The report explains how geopolitical pressures among nations are shaping energy flows and investment more directly than they have done for some time, cementing new trading patterns and redefining energy security concerns. As a result, energy transitions could slow as individual nations face impediments to lower-emission sources of energy.
Under the Biden administration, U.S. regulators are scrutinizing oil pricing and dealer reporting. Federal securities regulators are investigating energy companies for greenwashing and deceptive advertising while the Federal Energy Regulatory Commission is prioritizing consumer challenges and environmental equity. Meanwhile, laws around carbon capture, utilization and sequestration continue to develop.
Although the energy transition and environmental, social and governance (ESG) goals are certainly praiseworthy efforts, they are not without potential new legal challenges and risks. Those developments could be magnified against the backdrop of increases in trials and in the size of jury verdicts. Energy companies must carefully and pragmatically consider their strategies when dealing with these new and evolving trends.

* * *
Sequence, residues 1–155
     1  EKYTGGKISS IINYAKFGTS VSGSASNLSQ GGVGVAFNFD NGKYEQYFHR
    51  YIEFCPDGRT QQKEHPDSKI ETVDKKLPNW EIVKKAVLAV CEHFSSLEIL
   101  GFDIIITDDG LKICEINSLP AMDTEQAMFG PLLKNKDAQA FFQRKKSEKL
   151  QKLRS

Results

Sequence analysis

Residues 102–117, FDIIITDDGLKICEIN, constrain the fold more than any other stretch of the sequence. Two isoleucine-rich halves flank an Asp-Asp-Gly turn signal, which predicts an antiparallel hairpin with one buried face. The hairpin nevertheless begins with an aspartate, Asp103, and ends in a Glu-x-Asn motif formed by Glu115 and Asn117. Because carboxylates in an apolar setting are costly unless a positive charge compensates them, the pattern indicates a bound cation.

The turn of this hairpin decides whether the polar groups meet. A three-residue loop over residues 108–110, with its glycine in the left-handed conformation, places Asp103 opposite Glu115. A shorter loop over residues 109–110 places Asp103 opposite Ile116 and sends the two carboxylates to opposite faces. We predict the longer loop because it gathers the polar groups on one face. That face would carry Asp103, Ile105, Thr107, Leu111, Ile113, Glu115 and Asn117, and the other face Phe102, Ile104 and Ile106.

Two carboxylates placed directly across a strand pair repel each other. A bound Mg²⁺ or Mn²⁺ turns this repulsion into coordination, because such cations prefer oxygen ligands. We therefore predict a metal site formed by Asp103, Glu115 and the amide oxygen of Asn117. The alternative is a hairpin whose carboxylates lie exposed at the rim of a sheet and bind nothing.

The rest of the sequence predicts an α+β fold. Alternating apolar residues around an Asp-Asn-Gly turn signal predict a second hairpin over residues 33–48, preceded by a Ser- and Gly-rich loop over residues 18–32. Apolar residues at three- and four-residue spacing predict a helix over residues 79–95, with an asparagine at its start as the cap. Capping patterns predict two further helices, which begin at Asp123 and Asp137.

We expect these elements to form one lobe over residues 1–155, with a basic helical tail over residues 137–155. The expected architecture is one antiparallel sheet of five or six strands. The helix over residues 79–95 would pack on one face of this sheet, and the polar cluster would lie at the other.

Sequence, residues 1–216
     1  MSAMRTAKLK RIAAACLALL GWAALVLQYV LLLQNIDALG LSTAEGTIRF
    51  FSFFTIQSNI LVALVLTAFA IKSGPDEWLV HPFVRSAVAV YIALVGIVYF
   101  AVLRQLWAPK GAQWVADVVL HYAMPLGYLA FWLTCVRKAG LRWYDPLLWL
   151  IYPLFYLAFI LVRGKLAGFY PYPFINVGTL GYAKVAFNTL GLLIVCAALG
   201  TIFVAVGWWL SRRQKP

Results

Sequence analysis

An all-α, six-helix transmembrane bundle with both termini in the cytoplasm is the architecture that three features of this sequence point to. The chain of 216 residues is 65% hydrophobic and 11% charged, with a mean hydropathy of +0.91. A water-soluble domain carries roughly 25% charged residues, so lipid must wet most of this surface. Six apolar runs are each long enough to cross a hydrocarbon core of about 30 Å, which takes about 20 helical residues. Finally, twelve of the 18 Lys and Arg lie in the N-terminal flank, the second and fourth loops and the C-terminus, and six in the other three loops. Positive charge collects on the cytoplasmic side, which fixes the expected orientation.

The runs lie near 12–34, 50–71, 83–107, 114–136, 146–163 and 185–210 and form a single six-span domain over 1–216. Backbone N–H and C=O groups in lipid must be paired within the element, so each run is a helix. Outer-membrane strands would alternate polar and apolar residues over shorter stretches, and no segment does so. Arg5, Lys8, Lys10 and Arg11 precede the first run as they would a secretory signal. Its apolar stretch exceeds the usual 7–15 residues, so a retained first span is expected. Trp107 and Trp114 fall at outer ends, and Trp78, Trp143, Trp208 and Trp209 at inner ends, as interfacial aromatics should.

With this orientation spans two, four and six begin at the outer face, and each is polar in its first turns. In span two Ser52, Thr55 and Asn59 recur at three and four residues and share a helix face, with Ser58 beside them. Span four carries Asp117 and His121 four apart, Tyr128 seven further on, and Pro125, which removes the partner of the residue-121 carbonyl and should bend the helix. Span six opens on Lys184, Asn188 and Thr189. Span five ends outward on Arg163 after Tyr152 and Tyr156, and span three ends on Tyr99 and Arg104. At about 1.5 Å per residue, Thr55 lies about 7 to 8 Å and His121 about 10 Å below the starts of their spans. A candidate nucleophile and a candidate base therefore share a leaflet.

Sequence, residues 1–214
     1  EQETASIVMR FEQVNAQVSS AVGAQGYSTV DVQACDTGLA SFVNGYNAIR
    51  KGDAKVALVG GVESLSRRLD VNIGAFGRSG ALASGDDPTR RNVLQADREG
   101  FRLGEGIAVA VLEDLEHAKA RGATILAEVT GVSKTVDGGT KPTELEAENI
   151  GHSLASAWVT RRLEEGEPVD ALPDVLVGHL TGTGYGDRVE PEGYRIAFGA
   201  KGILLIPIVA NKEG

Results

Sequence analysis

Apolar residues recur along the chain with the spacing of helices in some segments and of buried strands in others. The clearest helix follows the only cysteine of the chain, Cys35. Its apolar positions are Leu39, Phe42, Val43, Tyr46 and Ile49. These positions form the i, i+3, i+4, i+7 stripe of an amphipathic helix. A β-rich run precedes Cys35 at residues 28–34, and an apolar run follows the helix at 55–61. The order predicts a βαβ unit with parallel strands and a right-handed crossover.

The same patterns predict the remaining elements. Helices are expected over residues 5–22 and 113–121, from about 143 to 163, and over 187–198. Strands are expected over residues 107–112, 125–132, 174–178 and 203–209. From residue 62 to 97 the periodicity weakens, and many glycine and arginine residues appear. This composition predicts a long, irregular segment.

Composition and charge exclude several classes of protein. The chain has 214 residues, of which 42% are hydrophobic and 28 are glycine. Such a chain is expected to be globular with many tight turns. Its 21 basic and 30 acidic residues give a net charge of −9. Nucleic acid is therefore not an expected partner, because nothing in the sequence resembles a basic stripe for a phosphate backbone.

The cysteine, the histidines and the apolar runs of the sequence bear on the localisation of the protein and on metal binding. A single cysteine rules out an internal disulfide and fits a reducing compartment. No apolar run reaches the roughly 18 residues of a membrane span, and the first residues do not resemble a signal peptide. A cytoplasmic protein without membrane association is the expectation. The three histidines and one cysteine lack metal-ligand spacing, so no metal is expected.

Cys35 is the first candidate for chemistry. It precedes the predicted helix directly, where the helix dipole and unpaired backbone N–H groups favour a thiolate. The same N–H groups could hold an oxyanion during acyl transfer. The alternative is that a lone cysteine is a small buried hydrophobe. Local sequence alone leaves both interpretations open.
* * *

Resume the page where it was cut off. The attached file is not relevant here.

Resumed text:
This report shares these and other insights, which were revealed at Reed Smith's flagship Energy & Commodities Conference that took place in Houston in April 2023.
The articles in the report cover:
- Geopolitics’ impact - geopolitics are sweeping away traditional energy market sensibilities
- Carbon capture - brave new world of carbon capture, utilization and sequestration
- Regulation and enforcement - U.S. regulators bulk up on ESG, data protection and environmental justice
- Emerging litigation - emerging litigation trends are a warning: Assess and mitigate risks preemptively
The report can be viewed on the firm’s website.